My mother phoned me at around 2 p.m. to remind me that I had a routine check-up in a couple of hours. I had forgotten about it; my best friend and I were in the middle of walking his little sister home from her first day of school.
In my 14-year-old mind, going to the doctor or the dentist was second fiddle to pretty much anything else. I knew, though, that it was a necessary evil. I was starting my first day of high school the next day, and I needed a medical form filled out. I also figured it wouldn’t take too long, an hour at most if there were a lot of people. Then, I could go home and prepare myself for the next day.
My mom and I arrived a little past 4 p.m. It didn’t take long before they brought me in to take all of the necessary samples for the tests. This went by quickly. I sat on an examination bed covered in a thin roll of waxy paper waiting for the doctor to check me up and let me go home. I was eager to continue daydreaming about tomorrow. The doctor burst into the room with a scowl on his face, but I wasn’t worried. I’d known him my whole life. That scowl was just his face.
I was wrong about that. He looked straight into my eyes through his one-inch thick glasses and scrunched his curly gray eyebrows. The next three words out of his mouth broke my entire world. “You have diabetes,” he said hastily. “You have to go to the hospital.”
I slid myself off the bed in shock, knocking over a half-drunk bottle of water that shattered on the floor. I wanted to apologize for the mess I made, but my mind was too overwhelmed. The doctor explained to me that I had a blood sugar over 600, which doesn’t happen to people who don’t have type 1 diabetes.
I headed to the hospital. That car ride might have been the longest 20 minutes of my life. My mom tried to tell me all sorts of comforting things. I’m sure they were comforting, I just wasn’t listening. I was very quiet. I had no idea what was going to happen when I arrived.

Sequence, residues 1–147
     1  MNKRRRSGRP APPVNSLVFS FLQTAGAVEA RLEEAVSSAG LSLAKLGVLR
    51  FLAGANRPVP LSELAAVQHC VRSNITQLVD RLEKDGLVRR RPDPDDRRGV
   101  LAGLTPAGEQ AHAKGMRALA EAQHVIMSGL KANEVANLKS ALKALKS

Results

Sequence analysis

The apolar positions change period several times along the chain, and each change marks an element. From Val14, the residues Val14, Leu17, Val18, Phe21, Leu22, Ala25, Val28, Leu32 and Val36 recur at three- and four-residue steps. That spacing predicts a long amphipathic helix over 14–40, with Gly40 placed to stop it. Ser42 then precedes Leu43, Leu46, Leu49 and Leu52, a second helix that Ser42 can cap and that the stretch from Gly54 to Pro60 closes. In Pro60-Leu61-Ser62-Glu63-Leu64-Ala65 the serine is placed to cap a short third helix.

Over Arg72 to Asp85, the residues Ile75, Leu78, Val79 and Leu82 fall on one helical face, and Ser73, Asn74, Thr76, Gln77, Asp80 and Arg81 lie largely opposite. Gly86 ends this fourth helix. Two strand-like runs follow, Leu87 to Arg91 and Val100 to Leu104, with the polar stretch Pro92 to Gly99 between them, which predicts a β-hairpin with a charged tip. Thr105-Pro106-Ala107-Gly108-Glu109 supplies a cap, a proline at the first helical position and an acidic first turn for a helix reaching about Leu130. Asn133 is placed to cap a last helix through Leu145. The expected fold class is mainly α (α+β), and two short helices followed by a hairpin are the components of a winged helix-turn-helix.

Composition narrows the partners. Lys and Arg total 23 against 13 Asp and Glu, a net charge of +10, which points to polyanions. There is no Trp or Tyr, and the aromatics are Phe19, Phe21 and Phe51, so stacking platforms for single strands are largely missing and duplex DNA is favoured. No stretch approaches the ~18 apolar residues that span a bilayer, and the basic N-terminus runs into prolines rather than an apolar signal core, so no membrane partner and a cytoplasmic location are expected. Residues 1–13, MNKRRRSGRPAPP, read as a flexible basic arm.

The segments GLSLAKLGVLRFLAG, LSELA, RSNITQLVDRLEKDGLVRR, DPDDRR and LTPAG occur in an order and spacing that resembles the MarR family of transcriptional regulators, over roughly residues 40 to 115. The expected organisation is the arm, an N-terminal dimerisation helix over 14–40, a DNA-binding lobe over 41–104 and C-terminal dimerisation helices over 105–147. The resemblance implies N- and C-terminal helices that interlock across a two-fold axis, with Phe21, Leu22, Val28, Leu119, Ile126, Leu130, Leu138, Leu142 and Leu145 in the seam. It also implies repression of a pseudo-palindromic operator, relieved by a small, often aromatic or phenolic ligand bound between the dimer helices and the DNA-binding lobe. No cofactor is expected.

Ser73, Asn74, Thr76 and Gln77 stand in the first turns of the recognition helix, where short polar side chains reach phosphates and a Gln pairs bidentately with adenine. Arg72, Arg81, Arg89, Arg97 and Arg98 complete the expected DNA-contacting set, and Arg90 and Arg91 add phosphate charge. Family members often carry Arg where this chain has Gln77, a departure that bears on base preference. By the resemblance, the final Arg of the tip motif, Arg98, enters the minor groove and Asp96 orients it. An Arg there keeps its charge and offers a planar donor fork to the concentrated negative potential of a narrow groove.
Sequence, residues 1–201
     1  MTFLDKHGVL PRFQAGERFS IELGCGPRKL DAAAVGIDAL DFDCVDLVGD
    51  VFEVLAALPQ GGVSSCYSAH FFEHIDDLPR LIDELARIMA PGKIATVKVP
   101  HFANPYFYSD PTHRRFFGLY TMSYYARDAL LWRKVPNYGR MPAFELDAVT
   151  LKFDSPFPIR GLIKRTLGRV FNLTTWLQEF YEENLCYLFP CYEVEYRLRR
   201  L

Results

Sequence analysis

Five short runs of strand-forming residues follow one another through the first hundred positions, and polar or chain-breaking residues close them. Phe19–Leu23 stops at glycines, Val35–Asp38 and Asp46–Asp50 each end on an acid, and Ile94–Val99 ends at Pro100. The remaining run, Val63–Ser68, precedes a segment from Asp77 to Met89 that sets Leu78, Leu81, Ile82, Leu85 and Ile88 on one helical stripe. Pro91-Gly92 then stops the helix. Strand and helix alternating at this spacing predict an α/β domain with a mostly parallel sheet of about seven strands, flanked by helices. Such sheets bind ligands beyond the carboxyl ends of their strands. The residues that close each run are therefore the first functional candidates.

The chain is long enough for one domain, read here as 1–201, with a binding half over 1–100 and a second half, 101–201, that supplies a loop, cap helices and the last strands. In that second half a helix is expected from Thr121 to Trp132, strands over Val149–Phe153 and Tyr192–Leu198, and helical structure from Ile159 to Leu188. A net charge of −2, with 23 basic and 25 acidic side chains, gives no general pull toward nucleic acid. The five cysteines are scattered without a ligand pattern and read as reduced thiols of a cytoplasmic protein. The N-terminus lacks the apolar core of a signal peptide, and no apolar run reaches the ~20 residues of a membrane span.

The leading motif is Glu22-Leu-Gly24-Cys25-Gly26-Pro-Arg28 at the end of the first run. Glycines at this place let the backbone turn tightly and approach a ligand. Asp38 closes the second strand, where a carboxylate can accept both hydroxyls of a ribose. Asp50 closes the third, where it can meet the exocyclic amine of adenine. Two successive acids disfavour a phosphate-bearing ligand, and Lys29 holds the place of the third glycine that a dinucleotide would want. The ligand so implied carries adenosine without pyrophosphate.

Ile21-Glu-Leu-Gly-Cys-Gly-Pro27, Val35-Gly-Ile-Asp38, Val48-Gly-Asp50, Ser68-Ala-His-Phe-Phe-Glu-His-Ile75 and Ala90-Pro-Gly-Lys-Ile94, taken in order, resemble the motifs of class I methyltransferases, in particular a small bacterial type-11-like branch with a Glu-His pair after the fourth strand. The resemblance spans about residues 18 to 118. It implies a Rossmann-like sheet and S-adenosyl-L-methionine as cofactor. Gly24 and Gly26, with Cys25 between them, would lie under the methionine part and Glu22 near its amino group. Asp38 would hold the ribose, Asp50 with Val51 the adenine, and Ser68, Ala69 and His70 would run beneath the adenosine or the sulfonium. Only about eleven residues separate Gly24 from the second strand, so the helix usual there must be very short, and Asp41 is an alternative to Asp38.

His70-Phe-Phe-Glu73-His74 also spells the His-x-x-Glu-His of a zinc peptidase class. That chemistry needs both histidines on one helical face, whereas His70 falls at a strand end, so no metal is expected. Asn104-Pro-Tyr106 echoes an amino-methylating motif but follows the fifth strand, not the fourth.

The doctor called ahead, and, before I could begin to take in my surroundings, blood was being drawn from my arm. “There’s no way I have diabetes, right?” I asked the nurse as she was leaving to take blood tests. “Couldn’t it be a false alarm?”
“It could be,” she replied hopefully, unsuccessfully hiding her insincerity.
At this point it was 7 or 8 pm. At least four or five different doctors and nurses circulated in and out of my room, performing many additional tests to make sure they were correct about what I had. Somewhere in the middle of all of this confusion, and my entire life being turned on its head, I was asked if I wanted to watch a movie while waiting.
The movie I chose was “The Day the Earth Stood Still,” easily one of the best alien invasion movies ever filmed. It felt fitting, considering that I was feeling like an alien in my own body. Unfortunately, once the movie started, I realized it was the 2008 remake with Keanu Reeves. As much as we all love Keanu, this definitely didn’t help my state of mind.
Finally at midnight, one last doctor came in to confirm what I’d been dreading for the last eight hours: I did in fact have type 1 diabetes, and it isn’t something you can get rid of. I genuinely had no idea what was going to happen. I had even forgotten about the start of school the next day, and how this was going to affect everything that I had planned. I could see myself going to bed that night dreading what was to come, instead of embracing it.
But then the doctor said something that would become immensely important to me. “This is a part of your life now, but that means you can live with it.”
That was all I needed.